Federal consumer safety regulations require all garage door opener (GDO) systems to include sensors “to protect against entrapment.” It was updated in 2016 with new standards for GDO edge sensors.
If you think the garage door sensors are more of a nuisance than an operational aid, think again! Children and pets make fast, unpredictable movements, and they are most likely to suffer injury if a GDO malfunctions.
Why We Need Garage Door Sensors
GDO sensors are located close to the ground. The main reason we need garage door sensors is to protect property and people from injury. Unfortunately, burglars see GDOs as a great opportunity to sneak inside a garage. If your door hesitates or delays shutting, it’s a clue something or someone may have blocked the opening, even for a second.
Like your plumbing, heating and cooling systems, it’s important to keep your home’s garage door opener and sensors in good working order.
How They Work
Two aligned sensors are located on either side of your garage door, about 6″ from the floor. An infrared beam passes between the sensors and if anything blocks the beam, the door automatically stops. Many garage door systems are “universal.” This means they’ll work with most brand-name GDOs to provide the same level of safety and security.
6 Garage Door Maintenance Tips
Never attempt to “fix” the cables that raise and lower your door. They have enough tension to cause serious injury or death. If you suspect your rollers or cables need repair, contact your local overhead garage door technicians immediately.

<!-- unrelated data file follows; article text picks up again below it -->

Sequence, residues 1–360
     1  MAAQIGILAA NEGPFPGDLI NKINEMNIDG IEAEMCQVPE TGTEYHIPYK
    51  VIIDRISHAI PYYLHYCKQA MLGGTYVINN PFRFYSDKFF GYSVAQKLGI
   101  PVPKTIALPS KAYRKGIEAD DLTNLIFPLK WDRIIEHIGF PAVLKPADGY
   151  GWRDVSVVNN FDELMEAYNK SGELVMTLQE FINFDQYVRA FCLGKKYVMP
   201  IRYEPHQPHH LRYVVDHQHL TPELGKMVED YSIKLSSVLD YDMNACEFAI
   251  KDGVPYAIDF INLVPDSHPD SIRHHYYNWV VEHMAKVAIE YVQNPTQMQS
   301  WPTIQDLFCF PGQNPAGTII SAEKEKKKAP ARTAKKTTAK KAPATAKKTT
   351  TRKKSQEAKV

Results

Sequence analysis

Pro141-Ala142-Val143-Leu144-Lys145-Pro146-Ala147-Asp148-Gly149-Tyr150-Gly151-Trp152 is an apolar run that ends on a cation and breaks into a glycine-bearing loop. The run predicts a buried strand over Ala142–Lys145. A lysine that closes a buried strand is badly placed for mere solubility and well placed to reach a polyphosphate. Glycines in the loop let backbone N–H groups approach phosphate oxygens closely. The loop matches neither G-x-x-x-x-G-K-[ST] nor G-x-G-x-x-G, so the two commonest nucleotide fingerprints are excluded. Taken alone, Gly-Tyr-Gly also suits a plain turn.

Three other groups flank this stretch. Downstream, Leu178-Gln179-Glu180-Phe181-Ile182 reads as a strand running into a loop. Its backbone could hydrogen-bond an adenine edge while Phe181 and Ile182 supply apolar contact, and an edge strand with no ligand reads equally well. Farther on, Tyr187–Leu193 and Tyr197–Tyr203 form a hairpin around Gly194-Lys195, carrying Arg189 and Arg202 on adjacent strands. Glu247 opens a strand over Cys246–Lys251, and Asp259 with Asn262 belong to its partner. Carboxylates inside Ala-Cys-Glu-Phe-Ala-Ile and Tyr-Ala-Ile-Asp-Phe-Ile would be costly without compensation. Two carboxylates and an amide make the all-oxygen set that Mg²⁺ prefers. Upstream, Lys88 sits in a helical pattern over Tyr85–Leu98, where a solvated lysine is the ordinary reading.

Here are 6 maintenance tips to keep your garage door opener and its sensors working effectively:
- Clean the sensors – The sensor “eyes” can get dirty; simply wipe them clean occasionally.
- Look/listen – Pay attention to your door’s appearance as it rolls up and down. Listen for unusual sounds.
- Replace the weatherstripping – The rubber strip on the bottom of your door can crack and deteriorate with age. You can buy replacement strips at most hardware/home improvement stores.
- Test the sensors – Put a small object on the ground in the door’s path. The door should immediately reverse when it touches the object. As it’s coming down, pass your leg into its path. The door should immediately reverse.
- Visually inspect the door – Look for cracks or warps in the wood. Steel doors may develop rust spots that need to be treated.
- Wash your door – You should consider using a mild all-purpose cleaner or even soap and water to clean your door at least once every 2-3 months or more.
Clues Your Garage Door Opener Sensors Are Malfunctioning
The main causes of GDO sensor problems are dirty lenses, damaged components or misalignments. Your first task is to clean the lenses. If that isn’t the fix, it’s time to call your Central Indiana garage door professionals.
If one or both sensors malfunction:
- Your door may stop midway and reverse direction.
- It might not open.
- It may open but not close.
- You may see a flashing light on the sensor’s overhead unit or wall panel.
What Do the Lights and Colors Mean?
Your GDO manufacturer will have detailed information about your opener and sensors on its website. Flashing lights indicate a problem. A glowing amber light is normal; it’s usually part of the door’s descending “line of sight” or the “transmitter.”
- Green is good. Your “receiver” is a green LED and should be on.
- Red is a problem.